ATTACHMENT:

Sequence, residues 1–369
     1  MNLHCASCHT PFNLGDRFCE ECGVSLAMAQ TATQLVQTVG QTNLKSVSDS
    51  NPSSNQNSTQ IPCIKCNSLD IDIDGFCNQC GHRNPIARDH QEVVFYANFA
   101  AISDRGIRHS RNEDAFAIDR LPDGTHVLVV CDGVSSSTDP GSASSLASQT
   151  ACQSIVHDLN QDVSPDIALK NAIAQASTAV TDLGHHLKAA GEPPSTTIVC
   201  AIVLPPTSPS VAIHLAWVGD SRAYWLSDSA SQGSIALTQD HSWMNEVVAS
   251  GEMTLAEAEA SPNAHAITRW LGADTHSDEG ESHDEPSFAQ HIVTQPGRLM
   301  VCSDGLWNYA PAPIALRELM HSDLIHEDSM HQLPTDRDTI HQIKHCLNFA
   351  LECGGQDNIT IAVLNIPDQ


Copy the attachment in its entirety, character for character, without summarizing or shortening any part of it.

Sequence, residues 1–369
     1  MNLHCASCHT PFNLGDRFCE ECGVSLAMAQ TATQLVQTVG QTNLKSVSDS
    51  NPSSNQNSTQ IPCIKCNSLD IDIDGFCNQC GHRNPIARDH QEVVFYANFA
   101  AISDRGIRHS RNEDAFAIDR LPDGTHVLVV CDGVSSSTDP GSASSLASQT
   151  ACQSIVHDLN QDVSPDIALK NAIAQASTAV TDLGHHLKAA GEPPSTTIVC
   201  AIVLPPTSPS VAIHLAWVGD SRAYWLSDSA SQGSIALTQD HSWMNEVVAS
   251  GEMTLAEAEA SPNAHAITRW LGADTHSDEG ESHDEPSFAQ HIVTQPGRLM
   301  VCSDGLWNYA PAPIALRELM HSDLIHEDSM HQLPTDRDTI HQIKHCLNFA
   351  LECGGQDNIT IAVLNIPDQ